So, I came up with some random thoughts, heartfelt enough to be taken seriously but generic enough to fit into any circumstance. I can’t rightly call them Rules because I certainly don’t follow any. I knew what they were until I broke them. After all, how can explain Transgressive Fiction and Metafiction? I wouldn’t presume to call them Guidelines because I don’t want anyone to follow my path or some other successful writer’s path. I want them to find their own way.

Therefore, these are just “H.B’s Thoughts on Writing” and you can take them for what their worth.

(1) Writers are essentially story-tellers. Technical proficiency comes in second.

(2) Write so that your reader is invested in the story you are telling.

(3) Be true to the story. It knows how it needs to be told. A writer’s task is to discover that way.

(4) Write for yourself. Edit for publication.

(5) Know what has come before you. Read those works similar to your interests in order to identify your own voice.

(6) Writing is a solitary endeavor. Sharing the frustrations and struggles doesn’t have to be.

(7) Your first draft is not ready for publication. Neither is your second.

(8) Your third draft is probably not ready for publication. But know when to stop. Overthinking can undermine the passion and joy you have infused into your work.

(9) If you don’t believe, neither will your reader.

(10) Don’t: Think about; Talk about; Plan to; Contemplate; Consider — Writing. Just do it. Just write.

Something…different!

Did you ever want to write something…just because? Wasn’t sure what you were doing of if it would make sense or (better still) if it would sell? Had the gut feeling (or maybe that tingling in the back of your neck) that it was something that you HAD to write.

Happened to me.

A while back, I came up with an intriguing notion to write the fictional biography of a writer named H.B. Berlow. It sounded weird but mildly intriguing. I figured there were all kinds of characters in literature and there might actually be a person currently or previously living that had the same name as a fictional character. What if Holden Caulfield or Scarlett O’Hara or Leopold Bloom or Elizabeth Bennet are living somewhere in Illinois or Louisiana or Utah or Rhode Island. Fictional character’s names are not unique, despite what we may think.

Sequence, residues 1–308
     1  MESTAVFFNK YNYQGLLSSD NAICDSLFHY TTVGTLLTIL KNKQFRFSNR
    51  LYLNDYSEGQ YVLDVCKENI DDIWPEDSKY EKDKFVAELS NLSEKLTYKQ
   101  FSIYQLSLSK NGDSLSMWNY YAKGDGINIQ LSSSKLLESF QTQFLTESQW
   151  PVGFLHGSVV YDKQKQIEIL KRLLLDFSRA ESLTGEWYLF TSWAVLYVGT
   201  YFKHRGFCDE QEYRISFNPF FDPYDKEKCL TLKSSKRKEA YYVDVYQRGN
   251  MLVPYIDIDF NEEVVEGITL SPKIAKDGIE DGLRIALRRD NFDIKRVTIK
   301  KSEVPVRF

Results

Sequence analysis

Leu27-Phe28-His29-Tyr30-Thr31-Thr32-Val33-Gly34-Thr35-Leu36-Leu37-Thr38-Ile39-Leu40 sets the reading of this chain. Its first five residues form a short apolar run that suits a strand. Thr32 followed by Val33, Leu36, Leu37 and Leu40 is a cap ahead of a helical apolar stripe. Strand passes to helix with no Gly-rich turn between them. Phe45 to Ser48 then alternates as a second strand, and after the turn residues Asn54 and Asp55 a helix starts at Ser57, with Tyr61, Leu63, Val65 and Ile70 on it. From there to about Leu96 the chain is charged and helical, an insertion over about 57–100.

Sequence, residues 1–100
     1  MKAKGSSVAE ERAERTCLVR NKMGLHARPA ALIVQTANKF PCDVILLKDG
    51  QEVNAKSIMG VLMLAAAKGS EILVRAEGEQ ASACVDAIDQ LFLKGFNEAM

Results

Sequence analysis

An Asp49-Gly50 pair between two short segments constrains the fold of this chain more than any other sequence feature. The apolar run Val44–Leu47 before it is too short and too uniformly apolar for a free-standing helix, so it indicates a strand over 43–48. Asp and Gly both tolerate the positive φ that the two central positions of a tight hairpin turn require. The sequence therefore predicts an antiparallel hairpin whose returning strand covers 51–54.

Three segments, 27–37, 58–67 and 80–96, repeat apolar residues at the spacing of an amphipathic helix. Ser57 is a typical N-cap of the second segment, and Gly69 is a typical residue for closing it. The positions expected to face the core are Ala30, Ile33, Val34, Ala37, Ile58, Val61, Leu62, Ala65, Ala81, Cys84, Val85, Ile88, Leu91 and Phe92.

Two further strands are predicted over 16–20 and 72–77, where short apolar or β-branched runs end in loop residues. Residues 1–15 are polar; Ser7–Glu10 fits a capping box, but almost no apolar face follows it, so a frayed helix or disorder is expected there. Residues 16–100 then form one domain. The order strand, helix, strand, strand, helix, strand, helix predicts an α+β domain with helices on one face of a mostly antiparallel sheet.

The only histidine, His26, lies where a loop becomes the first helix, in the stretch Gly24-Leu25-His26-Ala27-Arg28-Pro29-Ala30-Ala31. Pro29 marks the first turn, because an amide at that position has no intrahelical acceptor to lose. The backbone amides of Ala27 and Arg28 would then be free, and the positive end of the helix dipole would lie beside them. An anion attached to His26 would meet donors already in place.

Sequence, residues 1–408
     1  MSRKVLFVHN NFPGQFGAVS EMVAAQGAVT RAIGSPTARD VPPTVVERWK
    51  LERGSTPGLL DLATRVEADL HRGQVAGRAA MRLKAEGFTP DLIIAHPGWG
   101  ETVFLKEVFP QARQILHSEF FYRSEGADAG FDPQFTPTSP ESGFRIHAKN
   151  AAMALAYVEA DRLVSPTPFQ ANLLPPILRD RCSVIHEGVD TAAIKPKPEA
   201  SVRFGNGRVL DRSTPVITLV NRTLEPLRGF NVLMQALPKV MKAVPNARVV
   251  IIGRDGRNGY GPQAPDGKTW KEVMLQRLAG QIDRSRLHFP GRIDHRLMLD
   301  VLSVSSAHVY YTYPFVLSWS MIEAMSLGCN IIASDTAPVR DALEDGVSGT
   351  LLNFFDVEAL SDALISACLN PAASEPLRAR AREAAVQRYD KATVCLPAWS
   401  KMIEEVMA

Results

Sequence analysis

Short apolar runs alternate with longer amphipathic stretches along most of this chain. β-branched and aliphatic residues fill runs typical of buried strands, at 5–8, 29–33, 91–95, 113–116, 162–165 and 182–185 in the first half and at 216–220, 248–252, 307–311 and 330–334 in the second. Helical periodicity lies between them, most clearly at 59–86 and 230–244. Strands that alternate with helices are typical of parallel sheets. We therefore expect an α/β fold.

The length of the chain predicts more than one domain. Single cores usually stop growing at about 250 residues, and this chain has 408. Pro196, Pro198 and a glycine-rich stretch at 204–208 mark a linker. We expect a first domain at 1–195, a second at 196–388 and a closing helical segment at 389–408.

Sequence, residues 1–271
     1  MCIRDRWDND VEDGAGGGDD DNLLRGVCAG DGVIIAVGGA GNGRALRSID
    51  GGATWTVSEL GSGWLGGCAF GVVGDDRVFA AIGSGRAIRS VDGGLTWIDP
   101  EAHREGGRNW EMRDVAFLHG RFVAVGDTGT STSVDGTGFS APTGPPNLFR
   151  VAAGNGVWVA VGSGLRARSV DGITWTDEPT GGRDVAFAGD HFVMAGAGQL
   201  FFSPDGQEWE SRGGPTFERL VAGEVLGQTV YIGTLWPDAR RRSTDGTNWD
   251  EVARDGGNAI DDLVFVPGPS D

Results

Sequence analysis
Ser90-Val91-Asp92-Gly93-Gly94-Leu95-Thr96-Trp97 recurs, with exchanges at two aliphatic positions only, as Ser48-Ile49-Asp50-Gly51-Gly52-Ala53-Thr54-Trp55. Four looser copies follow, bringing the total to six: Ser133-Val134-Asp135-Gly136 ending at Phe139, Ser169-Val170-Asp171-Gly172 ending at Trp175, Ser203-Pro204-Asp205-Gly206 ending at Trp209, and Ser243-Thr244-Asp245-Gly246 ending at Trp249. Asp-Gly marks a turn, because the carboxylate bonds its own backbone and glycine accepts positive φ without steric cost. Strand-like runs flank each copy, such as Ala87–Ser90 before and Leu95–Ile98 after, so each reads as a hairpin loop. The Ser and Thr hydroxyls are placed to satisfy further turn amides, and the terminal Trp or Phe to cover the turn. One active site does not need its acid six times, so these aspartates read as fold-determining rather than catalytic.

Then, I read an article in Writer’s Digest that referenced metafiction and I looked up the meaning (from Wikipedia: “…a literary device used to self-consciously and systematically draw attention to a work’s status as an artifact) and realized that I was on to something. I was going to confuse people into believing that this “fictional” biography was nothing more than a roman a clef cleverly disguised.

As I began, it started to get, well, out of hand. The whimsical side of me then turned it into the fictional biography of a mid-century Polish poet who was a survivor of the Holocaust. On top of that, I created an early 20th century writer who was writing a fictional biography of a writer from the late 20th century. Strangely enough, all these characters had the same initials as…you guessed it…me.